Kelsey Ink


After a long winter of my work area being inaccessible due to remodeling, I am now beginning a project of making a small chapbook of a friend’s poetry as a birthday gift.

My C&P Pilot Press has new rollers and I have some type. Regarding ink, the only inks I currently have are some old tubes of Kelsey ink. I think they are probably still usable since the tubes are not hard. (though two of the black tubes have holes in them)

Should I use these inks for this chapbook project or should I get other ink and save these inks for something better suited or when I have more experience?

Are these inks oil-based? After using them, can I clean my type, ink disk and rollers with baby oil?

I am guessing these inks should be used as is and not mixed (not that I will want to mix them). Is that a correct assumption? The colors I have are Black, Green, Deep Red, Brown and Peacock Blue.

Any ideas on how to treat the tubes that have holes? Should I empty all the tubes into other containers?

Any advice will be appreciated.


Photo of the tubes:

image: i_2190.jpg


Log in to reply   3 replies so far

I think the tubes of ink, if you can get ink out of them through the regular openings, would be fine, but I would advise against using baby oil or any other similar stuff for cleanup — your best bet is still a modest application of mineral spirits for washup. The system I use, of sheets of newspaper, cut to size, on the ink disc with a bit of solvent, to dissolve the ink and mop up most of it, followed by wipe-down with a rag, can be done without coming in contact with the solvent, if that’s a concern, and does a fine job of getting things clean. I use 4 sheets of newsprint normally and almost never get any inky solvent on me.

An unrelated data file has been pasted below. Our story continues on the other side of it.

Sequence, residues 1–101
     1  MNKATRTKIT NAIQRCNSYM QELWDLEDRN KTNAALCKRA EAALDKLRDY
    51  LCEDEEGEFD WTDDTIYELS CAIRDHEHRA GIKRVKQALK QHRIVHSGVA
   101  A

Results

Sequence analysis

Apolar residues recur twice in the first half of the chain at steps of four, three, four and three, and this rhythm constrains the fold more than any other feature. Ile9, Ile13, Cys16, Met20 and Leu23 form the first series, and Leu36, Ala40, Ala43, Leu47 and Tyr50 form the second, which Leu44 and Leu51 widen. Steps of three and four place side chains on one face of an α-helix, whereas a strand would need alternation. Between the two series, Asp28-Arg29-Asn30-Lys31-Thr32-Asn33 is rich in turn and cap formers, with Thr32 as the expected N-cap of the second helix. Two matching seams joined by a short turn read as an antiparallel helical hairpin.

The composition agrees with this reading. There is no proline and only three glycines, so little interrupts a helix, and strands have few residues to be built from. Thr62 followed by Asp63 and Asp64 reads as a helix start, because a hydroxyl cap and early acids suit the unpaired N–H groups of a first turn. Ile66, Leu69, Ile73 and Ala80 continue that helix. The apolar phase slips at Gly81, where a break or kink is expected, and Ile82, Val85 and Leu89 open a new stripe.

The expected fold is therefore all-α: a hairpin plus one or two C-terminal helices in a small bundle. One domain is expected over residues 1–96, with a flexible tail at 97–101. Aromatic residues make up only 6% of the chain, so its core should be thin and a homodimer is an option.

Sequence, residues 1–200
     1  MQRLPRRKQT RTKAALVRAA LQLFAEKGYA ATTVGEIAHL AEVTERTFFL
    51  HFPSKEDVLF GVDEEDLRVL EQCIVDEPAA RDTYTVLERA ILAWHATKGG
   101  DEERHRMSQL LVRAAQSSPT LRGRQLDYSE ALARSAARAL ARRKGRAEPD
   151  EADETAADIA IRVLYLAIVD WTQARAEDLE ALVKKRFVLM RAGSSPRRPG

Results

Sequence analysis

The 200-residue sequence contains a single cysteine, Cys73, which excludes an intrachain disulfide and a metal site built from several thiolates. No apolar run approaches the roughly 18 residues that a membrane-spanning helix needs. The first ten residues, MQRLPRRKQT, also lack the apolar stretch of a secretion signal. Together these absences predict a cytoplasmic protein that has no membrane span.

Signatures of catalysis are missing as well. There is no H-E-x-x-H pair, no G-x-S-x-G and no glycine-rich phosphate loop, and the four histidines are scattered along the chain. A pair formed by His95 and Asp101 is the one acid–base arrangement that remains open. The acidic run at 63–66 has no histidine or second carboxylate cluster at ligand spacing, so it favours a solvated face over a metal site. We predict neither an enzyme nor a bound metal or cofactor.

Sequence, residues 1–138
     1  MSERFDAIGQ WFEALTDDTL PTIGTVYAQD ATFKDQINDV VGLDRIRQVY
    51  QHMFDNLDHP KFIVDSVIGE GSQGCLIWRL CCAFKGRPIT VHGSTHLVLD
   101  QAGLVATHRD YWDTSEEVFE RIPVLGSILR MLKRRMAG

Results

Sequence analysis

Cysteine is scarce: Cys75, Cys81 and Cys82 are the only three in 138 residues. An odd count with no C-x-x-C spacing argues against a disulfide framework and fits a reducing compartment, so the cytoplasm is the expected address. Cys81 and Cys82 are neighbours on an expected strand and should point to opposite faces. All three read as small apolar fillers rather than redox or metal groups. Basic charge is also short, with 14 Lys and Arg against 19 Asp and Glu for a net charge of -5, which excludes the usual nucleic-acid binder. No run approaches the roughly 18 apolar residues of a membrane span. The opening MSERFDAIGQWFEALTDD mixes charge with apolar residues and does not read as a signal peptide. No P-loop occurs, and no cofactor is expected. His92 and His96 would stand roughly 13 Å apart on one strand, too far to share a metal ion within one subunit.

I use old Kelsey ink from hole-ridden tubes all the time. Works quite well, mixes with more modern inks without a hitch. You can even mix rubber and oil without any real adverse effects. Kerosene or Mineral spirits - still work best for cleanup imho. You can use it on on both the form, rollers (composition, rubber, polyurethane), ink disk. Best of all, when it dries, you get a light coat that protects against rust and elements. One area where Kerosene might be be too good, is lino blocks (dries them up) so you might consider some kind of oil there.

Thank you both for your comments—this information is very helpful.